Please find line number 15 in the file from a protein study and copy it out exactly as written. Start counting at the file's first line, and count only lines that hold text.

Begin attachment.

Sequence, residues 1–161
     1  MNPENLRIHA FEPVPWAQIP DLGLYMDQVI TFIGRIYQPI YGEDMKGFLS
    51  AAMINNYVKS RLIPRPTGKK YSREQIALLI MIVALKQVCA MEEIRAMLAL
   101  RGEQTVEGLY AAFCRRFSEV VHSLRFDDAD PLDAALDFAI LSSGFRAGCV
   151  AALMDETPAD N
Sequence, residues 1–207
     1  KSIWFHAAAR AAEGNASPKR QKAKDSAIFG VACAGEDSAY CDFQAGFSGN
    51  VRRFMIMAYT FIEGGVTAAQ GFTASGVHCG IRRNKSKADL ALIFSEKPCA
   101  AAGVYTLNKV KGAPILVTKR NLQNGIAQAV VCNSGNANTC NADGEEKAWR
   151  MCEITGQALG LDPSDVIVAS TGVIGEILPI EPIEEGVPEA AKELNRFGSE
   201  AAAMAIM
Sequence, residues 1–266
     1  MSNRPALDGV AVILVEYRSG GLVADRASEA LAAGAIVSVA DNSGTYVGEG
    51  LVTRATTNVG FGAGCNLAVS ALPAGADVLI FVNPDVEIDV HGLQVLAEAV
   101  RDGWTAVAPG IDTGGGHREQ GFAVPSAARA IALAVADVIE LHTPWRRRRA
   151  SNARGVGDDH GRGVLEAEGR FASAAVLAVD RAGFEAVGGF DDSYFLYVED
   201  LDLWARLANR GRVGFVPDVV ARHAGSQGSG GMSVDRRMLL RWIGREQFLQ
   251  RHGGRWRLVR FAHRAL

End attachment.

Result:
   101  RDGWTAVAPG IDTGGGHREQ GFAVPSAARA IALAVADVIE LHTPWRRRRA